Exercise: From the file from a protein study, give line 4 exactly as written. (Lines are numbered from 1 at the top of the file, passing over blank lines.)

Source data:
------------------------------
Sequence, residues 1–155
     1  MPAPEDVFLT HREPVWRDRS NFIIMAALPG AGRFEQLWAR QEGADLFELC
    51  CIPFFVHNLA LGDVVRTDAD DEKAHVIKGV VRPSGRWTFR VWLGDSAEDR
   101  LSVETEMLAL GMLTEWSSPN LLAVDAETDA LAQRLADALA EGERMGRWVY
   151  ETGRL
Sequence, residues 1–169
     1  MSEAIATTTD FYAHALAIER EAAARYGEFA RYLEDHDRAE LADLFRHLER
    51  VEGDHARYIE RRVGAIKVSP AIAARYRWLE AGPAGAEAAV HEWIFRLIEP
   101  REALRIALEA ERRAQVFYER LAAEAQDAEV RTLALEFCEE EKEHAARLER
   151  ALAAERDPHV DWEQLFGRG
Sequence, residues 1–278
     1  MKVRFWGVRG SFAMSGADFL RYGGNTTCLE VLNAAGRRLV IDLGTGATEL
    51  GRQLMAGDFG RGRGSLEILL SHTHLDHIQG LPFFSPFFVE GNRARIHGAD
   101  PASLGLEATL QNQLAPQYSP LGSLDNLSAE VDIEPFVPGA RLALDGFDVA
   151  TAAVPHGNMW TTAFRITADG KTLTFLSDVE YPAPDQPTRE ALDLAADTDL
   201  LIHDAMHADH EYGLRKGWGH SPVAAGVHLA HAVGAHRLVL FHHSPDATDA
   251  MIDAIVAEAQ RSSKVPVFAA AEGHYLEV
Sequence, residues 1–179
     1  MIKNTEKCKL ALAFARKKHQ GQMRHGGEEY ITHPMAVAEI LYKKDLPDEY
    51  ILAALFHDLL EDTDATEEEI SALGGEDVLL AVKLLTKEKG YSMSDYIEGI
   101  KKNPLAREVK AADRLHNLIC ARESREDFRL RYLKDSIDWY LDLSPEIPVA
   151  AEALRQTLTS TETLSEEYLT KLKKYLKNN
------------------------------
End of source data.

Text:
   101  LSVETEMLAL GMLTEWSSPN LLAVDAETDA LAQRLADALA EGERMGRWVY